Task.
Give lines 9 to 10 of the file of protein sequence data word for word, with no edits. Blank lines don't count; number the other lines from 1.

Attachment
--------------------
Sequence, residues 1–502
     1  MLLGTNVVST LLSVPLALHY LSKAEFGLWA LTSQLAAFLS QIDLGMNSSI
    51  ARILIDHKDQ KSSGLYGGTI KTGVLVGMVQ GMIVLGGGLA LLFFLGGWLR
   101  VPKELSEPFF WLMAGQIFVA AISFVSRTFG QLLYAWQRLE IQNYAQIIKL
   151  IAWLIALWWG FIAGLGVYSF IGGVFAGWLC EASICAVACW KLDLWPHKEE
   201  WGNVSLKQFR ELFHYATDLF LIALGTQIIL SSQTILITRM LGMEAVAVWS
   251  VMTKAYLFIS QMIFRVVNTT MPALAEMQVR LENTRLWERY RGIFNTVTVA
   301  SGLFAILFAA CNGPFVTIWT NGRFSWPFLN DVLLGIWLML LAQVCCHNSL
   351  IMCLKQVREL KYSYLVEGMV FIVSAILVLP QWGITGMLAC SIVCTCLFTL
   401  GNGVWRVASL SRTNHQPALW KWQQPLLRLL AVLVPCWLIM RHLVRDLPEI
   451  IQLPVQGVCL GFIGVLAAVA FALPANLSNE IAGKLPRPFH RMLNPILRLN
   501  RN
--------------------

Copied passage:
   351  IMCLKQVREL KYSYLVEGMV FIVSAILVLP QWGITGMLAC SIVCTCLFTL
   401  GNGVWRVASL SRTNHQPALW KWQQPLLRLL AVLVPCWLIM RHLVRDLPEI